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The Hate U Give is Angie Thomas’s debut novel published in 2017 and remained a New York Times young adult bestseller for 50 weeks. Its major success led to a movie adaptation directed by George Tillman Jr. and a screenplay by Audrey Wells (“The Hate U Give,” 2021). Angie Thomas initially wrote a short story version of the novel back in her college days after the shooting of Oscar Grant, an African American male, by police officers. The event resonated with Thomas to the extent that it inspired her to write a story about it. Several similar events also inspired her, and the Black Lives Matter movement contributed to the story’s structure (The Hate U Give: Angie Thomas and The Hate U Give Background, n.d.).

So what is the story about? Why was it such a great success?

The story is narrated by the main character, Starr Carter, a sixteen-year-old black girl who resides in Garden Heights, a predominantly black and poor community. She lives a double life where her community and school personality are different from each other. She attends Williamson Prep, albeit the school lacks diversity, and is attended by mostly white and high-status students. Their parents’ reasoning for this is because they advocate for a better education for their children, and neighboring schools could not provide that. 

One night, she attends a party with her friend, Kenya, but they end up going separate ways. Later, she meets her childhood friend, Khalil, who she has not seen in a while. As they talked to each other about old memories, they shared with their late friend, Natasha, a shooting at the party goes off, and they leave the party to avoid danger. When they drive off in Khalil’s car, he suggests driving her home, but he gets pulled over by a police officer. The officer, whose badge number is One-fifteen, asks Khalil for his license and registration paper, but he resists and asks why he was pulled over in the first place. The police officer then asks him and Starr to step outside and leave to check on his license. Khalil becomes annoyed and reaches inside his car to grab his hairbrush. Starr warns him not to move, but it is too late. The police officer saw him reach in the car and became alarmed, thinking he might be reaching for a gun. Thus, Starr, unfortunately, witnesses the murder of her best friend, Khalil, by a police officer.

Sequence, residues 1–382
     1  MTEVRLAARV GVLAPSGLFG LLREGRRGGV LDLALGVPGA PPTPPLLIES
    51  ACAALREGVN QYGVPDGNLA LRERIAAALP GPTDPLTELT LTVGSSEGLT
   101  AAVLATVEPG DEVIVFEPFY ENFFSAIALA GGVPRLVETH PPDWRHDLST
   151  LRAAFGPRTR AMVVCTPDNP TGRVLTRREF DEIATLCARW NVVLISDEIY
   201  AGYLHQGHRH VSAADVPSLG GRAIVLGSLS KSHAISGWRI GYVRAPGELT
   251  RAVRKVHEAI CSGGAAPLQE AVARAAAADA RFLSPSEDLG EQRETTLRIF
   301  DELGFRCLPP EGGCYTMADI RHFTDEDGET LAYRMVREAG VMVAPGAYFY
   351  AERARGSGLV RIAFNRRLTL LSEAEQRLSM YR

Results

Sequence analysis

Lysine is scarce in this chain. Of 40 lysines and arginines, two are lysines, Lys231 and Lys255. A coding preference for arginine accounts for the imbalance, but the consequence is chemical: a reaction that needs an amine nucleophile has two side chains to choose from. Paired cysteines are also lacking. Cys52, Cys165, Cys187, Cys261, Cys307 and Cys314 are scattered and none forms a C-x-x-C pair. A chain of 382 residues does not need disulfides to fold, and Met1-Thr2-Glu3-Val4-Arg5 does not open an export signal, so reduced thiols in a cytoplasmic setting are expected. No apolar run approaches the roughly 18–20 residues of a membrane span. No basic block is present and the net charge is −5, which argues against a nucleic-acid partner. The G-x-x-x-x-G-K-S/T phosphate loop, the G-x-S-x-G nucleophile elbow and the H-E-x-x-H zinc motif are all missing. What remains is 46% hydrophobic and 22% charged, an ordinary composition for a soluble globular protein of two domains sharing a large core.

The incident becomes national headlines, and Khalil, similar to Oscar Grant, is portrayed as a criminal. As the sole witness of his murder, Starr faces great difficulty grieving for her deceased friend and testifying for him in court. Despite Starr providing all evidence that indicates the officer’s liability, whose real name is Brian Cruise, the grand jury decides not to indict him. Khalil was also reported to be selling drugs in order to get money to help his family financially. The riots that have been ongoing for the weeks preceding the decision become more violent after the grand jury’s decision. 

Despite the story being fully fictional, Thomas accurately portrayed the struggles black people face with law enforcement. Additionally, she did not shy away from discussing other topics related to grief, interracial relationships, differences in social status, media’s portrayal of black people, addiction, and police brutality. Despite it being brutally honest and including offensive language, the very nature of this story gives it its authenticity. And by adding elements from her life into Starr’s character, such as her love for hip-hop, the reader is drawn further into the narrative with its visceral storytelling. Thomas was passionate about telling the story to teens and young adults to raise awareness on the topic of BLM and racism. One quote from Maverick, Starr’s father reads, “When the Khalils get arrested for selling drugs, they either spend most of their life in prison, another billion-dollar industry or they have a hard time getting a real job and probably start selling drugs again. That’s the hate they’re giving us, baby, a system designed against us. That’s Thug Life”. 

Maverick explains to his daughter that rationalized poverty and violence are the root problems that lead black poor people to the trap which he labels as “hate”. The “hate” the system gives people with low chances of obtaining jobs and living peacefully, and is why they are forced to do unlawful things, such as drug dealing. Since they are forced to do that, it becomes justifiable for the law enforcement to arrest them or even kill them. Thus, it is a never-ending cycle that goes beyond discrimination. That is why it was emphasized in the book and for the BLM movement to speak up about the unfairness of the system. 

The Hate U Give is a remarkable novel that raises awareness on the topic of racism in a sympathizable way for young adults to understand. It also shows the difficulty of grieving, but it’s important to remember a lost loved one positively and use that positivity to heal the pain with it. 


Written by:

Jumana Raggam 


About. (n.d.). Angie Thomas. Retrieved October 1, 2021, from 

The Hate U Give. (2021, September 28). In Wikipedia. (“The Hate U Give,” 2021)

The Hate U Give: Angie Thomas and The Hate U Give Background. (n.d.). SparkNotes. Retrieved October 1, 2021, from (The Hate U Give: Angie Thomas and The Hate U Give Background, n.d.)

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